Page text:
On Saturday evening of this third preparation week a workers' rehearsal meeting takes place. Every detail of the opening meeting is organized. Every member of the staff knows his or her re­sponsibility. The evangelist prepares himself to present his opening subject better than he has ever done in any previous campaign. He should have no worry. He must not be distracted in any way before the meeting. His mind must now be free from all the details of organization in connection with the opening night. Members of the staff are appointed to make last-minute decisions.

Some evangelists do their best work in their study; some take a long walk in the country; some do their best after a good rest; and some in other ways. Remember that it is the lecture that the people come to hear, and nothing can repair the damage with the public if the evangelist fails to hit the headlines, however good the excuse may be. The people will be attracted to our message by ex­traordinary means only, and our preaching must be out of the ordinary in these days if we hope to draw and hold large audiences.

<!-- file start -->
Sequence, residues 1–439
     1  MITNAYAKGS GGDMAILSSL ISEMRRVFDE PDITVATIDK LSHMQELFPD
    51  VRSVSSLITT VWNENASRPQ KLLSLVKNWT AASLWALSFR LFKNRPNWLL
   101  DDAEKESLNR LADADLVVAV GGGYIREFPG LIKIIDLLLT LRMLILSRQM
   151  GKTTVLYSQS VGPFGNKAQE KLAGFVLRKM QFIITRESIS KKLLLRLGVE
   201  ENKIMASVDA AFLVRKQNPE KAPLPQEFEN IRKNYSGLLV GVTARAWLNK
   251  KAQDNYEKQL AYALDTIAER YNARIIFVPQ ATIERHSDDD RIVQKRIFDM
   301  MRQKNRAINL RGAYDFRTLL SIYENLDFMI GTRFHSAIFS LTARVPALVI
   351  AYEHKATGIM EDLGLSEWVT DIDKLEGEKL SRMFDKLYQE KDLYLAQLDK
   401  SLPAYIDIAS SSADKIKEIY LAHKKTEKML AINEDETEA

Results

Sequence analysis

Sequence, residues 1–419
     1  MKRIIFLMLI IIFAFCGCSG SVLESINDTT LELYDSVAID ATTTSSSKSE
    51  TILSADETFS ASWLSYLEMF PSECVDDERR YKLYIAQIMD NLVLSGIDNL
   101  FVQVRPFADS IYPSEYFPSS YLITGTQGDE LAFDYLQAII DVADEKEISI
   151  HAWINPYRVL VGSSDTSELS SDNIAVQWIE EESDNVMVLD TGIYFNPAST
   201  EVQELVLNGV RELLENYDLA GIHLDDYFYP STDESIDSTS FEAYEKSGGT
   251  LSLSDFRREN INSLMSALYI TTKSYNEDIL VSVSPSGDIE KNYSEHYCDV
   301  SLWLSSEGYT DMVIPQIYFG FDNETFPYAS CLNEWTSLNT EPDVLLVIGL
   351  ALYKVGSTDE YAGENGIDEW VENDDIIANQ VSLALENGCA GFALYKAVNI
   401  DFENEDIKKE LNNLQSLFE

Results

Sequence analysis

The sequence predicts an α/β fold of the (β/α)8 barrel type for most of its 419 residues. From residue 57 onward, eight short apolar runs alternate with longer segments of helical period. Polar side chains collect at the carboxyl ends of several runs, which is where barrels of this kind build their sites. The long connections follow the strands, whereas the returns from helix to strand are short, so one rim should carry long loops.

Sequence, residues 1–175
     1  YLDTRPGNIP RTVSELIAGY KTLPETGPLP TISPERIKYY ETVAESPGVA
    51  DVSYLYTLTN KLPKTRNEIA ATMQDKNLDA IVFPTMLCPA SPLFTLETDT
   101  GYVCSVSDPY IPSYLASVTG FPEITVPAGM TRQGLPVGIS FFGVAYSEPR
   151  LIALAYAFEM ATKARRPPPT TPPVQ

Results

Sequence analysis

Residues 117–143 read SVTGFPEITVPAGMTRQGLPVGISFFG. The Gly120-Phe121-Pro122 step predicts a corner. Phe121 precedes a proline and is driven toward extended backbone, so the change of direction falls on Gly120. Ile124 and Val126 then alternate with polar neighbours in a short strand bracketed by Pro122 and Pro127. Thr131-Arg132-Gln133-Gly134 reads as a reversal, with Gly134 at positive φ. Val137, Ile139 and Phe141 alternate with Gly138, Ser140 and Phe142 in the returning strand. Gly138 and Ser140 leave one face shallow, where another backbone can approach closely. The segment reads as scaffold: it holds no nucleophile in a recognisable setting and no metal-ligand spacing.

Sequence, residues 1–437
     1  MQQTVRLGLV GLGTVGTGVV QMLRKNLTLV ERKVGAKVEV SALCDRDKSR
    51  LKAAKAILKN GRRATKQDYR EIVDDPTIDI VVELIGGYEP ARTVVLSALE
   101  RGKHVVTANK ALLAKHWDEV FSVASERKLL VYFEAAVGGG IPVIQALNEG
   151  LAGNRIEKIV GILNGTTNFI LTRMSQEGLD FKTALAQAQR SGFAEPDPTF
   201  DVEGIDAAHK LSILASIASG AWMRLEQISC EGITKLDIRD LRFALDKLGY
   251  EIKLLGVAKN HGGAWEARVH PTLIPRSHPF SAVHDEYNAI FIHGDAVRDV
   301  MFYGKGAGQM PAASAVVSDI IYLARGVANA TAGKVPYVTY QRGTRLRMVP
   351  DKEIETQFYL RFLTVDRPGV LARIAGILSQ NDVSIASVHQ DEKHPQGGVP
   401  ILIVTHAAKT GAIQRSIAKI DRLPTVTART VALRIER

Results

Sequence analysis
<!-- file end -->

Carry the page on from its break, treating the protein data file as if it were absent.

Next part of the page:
Launching the Evangelistic Campaign

FIRST CAMPAIGN WEEK.—Now, suppose we have a big opening Sunday service. A congrega­tion of a thousand has been planned for; one thou­sand one hundred attend. The evangelist has never gripped his audience better. The staff han­dle the crowd to perfection. The music is superb. A very profitable hour and a half is enjoyed by all, The campaign is launched!

The workers are happy, enthusiastic, optimistic, energized, and full of encouraging reports for the Monday morning workers' meeting. The workers' meeting on Monday at 9 A.M. is opened with a short Scripture reading, prayer, and thanksgiving.. (From now on only one workers' meeting a week is held.) Territory and names are divided, litera­ture is decided upon, continued advertising is ar­ranged, and plans are made for visiting and mak­ing new friends and forgetting the old—that is, the evangelist advises his assistants not to try to keep up correspondence with all their old friends and church members. It takes too much time.